'For Esme with Love and Squalor' wins the award both for best title and best story in the collection (rivaled closely by 'Teddy'). It is about a young American soldier who is in training in England not long before the Invasion of Normandy. He keeps to himself and seems to be a rather reflective guy, walking around this small English town. He meets a very young girl, maybe 13 or 14, who is having tea with her family in a cafe. She sits down with him and they share a very personal and odd conversation in which she asks him to write to her from the front and also to write her a story-- preferably "about squalor". The dialogue and strange connection between these two people, who are from rather separate worlds, shows the way people can unexpectedly find each other and have a surprising, almost spiritual connection.
'Teddy', the final story in the book, is about an extremely precocious 6 year old boy who is a dedicated Buddhist and is convinced that he has been reincarnated. He is being studied by scientists and psychologists who marvel at his intelligence and spiritual insights and who, unable to help themselves upon learning that he believes he can predict the future, demand to know their future and when they might die. The boy is on a cruise ship with his parents, an eccentric and somewhat cynical couple. He wanders off on his own and has a long conversation with a man on the deck of the ship in which he casually predicts his own death just before it occurs and finishes the story. This story is really about the conflict between logic and spirituality, the clash between the rational and irrational world. It's one of the most interesting discussions of spirituality and eastern religion that I've encountered.
Saturday, August 9, 2008
This album is considered a modern classic and is hugely popular among independent rock circles. It's been in my collection for a few years but only just recently has it sunk in with me. These songs have been playing on my radio and in my head constantly for days on end. This album is just a really beautiful and unique experience, I don't know how to say it any better than that. You feel like a spirit is sitting in a chair next to you playing these otherworldly songs on his acoustic guitar. The album is a concept album about the experience of Anne Frank during the Holocaust, but the songs aren't morbid. They're about love and life and all sorts of things.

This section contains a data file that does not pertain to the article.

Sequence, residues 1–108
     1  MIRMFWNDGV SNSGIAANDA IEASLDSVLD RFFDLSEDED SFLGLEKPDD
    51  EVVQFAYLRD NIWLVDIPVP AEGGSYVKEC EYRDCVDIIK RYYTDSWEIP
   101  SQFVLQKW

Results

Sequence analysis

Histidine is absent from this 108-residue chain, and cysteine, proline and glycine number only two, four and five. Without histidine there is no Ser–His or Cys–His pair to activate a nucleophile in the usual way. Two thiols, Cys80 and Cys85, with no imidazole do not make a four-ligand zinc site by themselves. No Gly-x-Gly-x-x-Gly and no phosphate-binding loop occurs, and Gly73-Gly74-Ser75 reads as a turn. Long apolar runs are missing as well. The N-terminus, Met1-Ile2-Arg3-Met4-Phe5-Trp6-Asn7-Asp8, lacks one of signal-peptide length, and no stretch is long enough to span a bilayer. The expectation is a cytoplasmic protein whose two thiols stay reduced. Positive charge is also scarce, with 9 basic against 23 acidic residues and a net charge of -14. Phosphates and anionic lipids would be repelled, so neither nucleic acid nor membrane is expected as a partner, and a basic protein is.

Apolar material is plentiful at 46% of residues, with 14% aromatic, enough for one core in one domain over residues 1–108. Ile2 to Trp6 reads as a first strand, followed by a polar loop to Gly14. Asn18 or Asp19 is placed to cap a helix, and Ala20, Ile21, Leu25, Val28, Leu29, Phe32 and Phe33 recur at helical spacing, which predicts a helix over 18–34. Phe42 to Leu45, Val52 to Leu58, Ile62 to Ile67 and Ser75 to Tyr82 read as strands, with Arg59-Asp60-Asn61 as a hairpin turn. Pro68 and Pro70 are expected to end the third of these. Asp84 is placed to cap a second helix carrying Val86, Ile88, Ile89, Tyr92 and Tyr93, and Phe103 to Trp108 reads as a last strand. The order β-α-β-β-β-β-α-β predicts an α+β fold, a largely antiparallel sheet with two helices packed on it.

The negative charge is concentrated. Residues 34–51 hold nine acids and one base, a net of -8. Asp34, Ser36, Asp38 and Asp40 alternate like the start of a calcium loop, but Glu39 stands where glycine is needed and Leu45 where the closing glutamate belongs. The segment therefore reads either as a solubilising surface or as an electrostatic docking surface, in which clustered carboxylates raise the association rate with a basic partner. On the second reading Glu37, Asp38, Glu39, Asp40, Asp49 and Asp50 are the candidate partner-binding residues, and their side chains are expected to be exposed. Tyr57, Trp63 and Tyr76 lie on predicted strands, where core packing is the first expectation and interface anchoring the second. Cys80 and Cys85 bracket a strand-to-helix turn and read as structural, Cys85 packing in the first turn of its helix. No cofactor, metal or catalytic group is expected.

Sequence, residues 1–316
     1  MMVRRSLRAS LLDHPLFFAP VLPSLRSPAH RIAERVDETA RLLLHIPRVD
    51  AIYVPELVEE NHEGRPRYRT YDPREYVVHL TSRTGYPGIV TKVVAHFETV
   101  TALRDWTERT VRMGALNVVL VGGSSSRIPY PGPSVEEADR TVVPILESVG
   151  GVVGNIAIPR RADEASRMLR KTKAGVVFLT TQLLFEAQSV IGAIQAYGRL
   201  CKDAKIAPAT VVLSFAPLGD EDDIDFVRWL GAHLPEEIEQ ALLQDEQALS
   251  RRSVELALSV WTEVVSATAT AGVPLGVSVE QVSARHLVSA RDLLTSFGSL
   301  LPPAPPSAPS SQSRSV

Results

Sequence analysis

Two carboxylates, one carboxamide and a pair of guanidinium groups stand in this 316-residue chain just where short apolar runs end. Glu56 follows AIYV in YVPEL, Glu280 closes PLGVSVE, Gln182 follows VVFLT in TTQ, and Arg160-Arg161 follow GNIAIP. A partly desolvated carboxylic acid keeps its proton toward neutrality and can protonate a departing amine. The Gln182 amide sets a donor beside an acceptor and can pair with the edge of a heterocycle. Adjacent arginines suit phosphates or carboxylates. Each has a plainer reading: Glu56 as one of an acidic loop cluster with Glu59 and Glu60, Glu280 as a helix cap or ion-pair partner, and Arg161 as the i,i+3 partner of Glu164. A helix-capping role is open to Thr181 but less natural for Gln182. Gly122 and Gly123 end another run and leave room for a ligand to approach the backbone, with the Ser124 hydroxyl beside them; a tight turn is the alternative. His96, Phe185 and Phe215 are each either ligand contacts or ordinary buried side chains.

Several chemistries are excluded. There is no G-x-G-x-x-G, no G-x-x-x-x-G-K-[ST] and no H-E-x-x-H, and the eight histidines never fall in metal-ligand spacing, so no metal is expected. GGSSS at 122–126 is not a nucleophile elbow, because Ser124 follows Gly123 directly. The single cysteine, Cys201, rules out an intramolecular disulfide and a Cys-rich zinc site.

Jeff Magnum, who is the singer and songwriter, has become a cult figure. After this album became a success, he disappeared from the music scene and hasn't returned to it. He has only done 1 interview in the last decade that I know of -- here with pitchfork. And here is another good article speculating about what happened to him.
Get the album here
Friday, August 8, 2008
I will continue my Why? love-fest with the bands 2005 release Elephant Eyelash. I really enjoy this album a lot, it is very different than his most recent album Alopecia. The songs sound like Pavement but through a hip hop blender. The songs melodies and sounds change drastically throughout the album but it works. One thing that never changes with Why? releases, is that you'll always have lines or lyrics stuck in your head all day. Notable favorites for me are Hoofs, Sanddollars, and Yo Yo Bye Bye. Enjoy here.